Stray is a quiet and bittersweet documentary that follows Zeytin, a stray dog on the streets of Istanbul. Through the eyes of the golden haired mutt, director Elizabeth Lo manages to capture the precarious lives of these overlooked animals on the edges of society.
Since 1909, Turkish authorities have tried to annihilate their large population of stray dogs, particularly in big cities. Due to widespread protest however, these animals who were once exterminated en masse are now protected by law, making Turkey one of the few countries in the world where it is now illegal to kill or even capture any stray dog. Zeytin’s life is like most of the other stray dogs’ in Istanbul. She is curious yet careful, looks out for cars on the road and knows where to find food and shelter. Some citizens are kind to her, they feed her, stroke her, dance with her; overwhelmingly though, they ignore her. She, like all the other stray dogs, is nothing but scenery to the city’s inhabitants.
Mirroring the randomness of a dog’s life, Stray is a film without structure. Featuring very little dialogue, the film is segmented by quotes from Greek philosopher Diogenes, which serve as quasi-chapter titles. We see cards like “dogs and philosophers do the greatest good and get the fewest rewards,” which Diogenes is quoted as saying in 386 BC. It is unclear what these quotes add to the film. Besides the surprise that these apt words were said over 2000 years ago, the lack of explanation or follow-through for these statements mean they add very little to the documentary.
Filmed between 2017 and 2019, we do hear snippets of conversation that paint a political backdrop to the dogs’ lives in Turkey. At one point, through the TV broadcast, we hear news of President Erdogan’s plans to expand his powers. Later on, the dogs wander through a feminist protest. Stray nonetheless remains mostly apolitical, opting instead to be an observational piece.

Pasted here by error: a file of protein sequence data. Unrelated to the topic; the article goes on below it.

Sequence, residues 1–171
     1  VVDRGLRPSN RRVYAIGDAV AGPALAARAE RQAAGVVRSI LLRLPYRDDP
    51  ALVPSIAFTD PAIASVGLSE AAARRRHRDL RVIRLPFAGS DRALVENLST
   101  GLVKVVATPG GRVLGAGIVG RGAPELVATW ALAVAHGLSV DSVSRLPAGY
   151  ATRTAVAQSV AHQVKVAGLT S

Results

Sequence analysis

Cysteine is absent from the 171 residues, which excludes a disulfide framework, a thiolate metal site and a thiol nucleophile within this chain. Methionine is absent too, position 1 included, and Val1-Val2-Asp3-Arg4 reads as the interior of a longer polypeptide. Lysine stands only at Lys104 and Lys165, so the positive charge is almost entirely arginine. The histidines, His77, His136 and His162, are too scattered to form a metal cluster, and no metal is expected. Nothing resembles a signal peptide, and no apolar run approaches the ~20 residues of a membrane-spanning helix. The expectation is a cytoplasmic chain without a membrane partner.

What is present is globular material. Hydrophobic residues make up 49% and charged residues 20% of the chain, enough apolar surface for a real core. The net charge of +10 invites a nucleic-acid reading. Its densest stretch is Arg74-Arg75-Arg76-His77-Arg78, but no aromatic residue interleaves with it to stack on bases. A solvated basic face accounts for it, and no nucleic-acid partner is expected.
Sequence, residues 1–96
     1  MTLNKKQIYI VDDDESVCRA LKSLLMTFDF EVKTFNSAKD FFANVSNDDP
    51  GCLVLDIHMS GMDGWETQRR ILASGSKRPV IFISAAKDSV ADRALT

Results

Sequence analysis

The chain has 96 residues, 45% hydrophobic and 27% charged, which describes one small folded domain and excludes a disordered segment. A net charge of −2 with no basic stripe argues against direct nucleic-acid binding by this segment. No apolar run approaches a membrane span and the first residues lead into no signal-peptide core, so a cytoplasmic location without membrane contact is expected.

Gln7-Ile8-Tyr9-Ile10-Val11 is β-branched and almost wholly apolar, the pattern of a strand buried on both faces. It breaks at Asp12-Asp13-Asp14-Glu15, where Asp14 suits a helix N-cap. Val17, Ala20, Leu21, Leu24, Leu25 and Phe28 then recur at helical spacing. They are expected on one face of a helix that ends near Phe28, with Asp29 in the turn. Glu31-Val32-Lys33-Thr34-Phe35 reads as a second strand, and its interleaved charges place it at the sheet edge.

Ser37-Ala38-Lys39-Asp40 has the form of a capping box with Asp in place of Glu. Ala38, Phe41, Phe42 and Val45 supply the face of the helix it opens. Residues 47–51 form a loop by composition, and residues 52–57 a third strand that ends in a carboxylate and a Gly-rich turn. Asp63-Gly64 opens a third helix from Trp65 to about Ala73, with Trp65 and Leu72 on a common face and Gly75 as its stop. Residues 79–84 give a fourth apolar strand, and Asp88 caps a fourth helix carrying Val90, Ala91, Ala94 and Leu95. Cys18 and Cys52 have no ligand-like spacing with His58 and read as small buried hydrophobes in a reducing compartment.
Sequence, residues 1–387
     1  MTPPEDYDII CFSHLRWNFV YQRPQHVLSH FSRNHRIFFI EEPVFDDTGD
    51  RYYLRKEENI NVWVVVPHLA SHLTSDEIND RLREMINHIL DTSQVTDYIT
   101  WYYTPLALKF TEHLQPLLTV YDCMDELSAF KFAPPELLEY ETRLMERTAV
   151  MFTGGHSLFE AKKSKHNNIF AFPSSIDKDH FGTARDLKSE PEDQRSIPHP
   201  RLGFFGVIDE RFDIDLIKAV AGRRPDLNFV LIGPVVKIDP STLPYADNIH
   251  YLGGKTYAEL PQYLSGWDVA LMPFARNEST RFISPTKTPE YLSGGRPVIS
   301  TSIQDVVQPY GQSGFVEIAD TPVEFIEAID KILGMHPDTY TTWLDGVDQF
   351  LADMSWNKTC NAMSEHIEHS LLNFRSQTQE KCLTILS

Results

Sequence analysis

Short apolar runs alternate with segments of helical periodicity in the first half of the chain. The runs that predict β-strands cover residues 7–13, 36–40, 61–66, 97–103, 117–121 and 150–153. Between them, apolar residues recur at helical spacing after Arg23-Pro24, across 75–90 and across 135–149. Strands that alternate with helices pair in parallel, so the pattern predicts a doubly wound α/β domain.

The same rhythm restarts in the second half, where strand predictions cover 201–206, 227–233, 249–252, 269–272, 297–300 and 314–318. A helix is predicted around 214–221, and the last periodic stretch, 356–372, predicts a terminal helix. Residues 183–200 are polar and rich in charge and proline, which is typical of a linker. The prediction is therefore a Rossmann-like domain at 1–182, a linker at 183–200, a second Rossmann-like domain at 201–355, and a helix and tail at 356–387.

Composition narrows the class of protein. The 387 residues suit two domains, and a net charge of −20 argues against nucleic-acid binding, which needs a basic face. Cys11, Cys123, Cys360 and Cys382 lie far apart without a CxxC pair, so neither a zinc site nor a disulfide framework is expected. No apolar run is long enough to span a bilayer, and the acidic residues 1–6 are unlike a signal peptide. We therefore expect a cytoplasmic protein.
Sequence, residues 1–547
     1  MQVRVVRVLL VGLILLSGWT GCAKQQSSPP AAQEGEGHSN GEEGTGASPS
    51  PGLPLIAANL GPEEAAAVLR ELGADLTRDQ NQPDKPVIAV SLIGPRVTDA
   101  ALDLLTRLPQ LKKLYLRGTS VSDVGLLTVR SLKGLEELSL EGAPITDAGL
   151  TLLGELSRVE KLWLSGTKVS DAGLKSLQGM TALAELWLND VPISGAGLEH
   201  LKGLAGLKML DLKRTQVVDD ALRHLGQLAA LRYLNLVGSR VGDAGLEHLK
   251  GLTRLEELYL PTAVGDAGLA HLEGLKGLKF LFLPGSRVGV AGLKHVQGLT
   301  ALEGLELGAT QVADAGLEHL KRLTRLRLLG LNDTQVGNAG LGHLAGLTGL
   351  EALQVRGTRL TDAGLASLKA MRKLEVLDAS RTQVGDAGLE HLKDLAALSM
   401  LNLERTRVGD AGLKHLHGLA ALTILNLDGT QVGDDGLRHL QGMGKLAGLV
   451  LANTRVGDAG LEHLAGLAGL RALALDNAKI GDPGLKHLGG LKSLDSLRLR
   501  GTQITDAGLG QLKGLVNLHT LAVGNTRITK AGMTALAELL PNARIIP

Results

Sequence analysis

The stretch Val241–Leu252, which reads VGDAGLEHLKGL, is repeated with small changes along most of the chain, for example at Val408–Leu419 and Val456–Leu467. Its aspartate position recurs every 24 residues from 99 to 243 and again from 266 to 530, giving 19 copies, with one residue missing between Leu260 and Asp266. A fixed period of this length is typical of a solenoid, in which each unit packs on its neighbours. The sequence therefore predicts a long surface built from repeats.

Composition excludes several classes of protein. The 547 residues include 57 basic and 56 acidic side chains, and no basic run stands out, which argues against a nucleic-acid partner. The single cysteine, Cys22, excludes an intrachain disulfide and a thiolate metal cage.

Over the two years spent filming, Zeytin befriends a group of Syrian refugees. Like her, these teens from Aleppo are lost in the system and confined to the fringes. They find comfort with the unwanted dog, even as they know they are afforded less protection than street animals. In moments without the Syrian teens’ presence, Stray quickly becomes aimless. Of course, that is to be expected when witnessing the random wanderings of a dog, but Zeytin’s nomadic life become glaringly repetitive all too quickly.
From a dog’s point of view, the colourful tapestry of Istanbul is rendered melancholic. Stray doesn’t make any new discoveries about canine behaviour or the human condition, and instead reaffirms what we already know. Cities are scary places for those with no home. It is tempting and easy to anthropomorphise Zeytin and in fact, at many points, it seems like the film is willing you to do so. Yet just as often, Stray reminds its audience that all you are doing is watching a dog run around a city… and there’s only so much of that you can watch before it becomes tedious.
Stray is out in virtual cinemas and on demand now.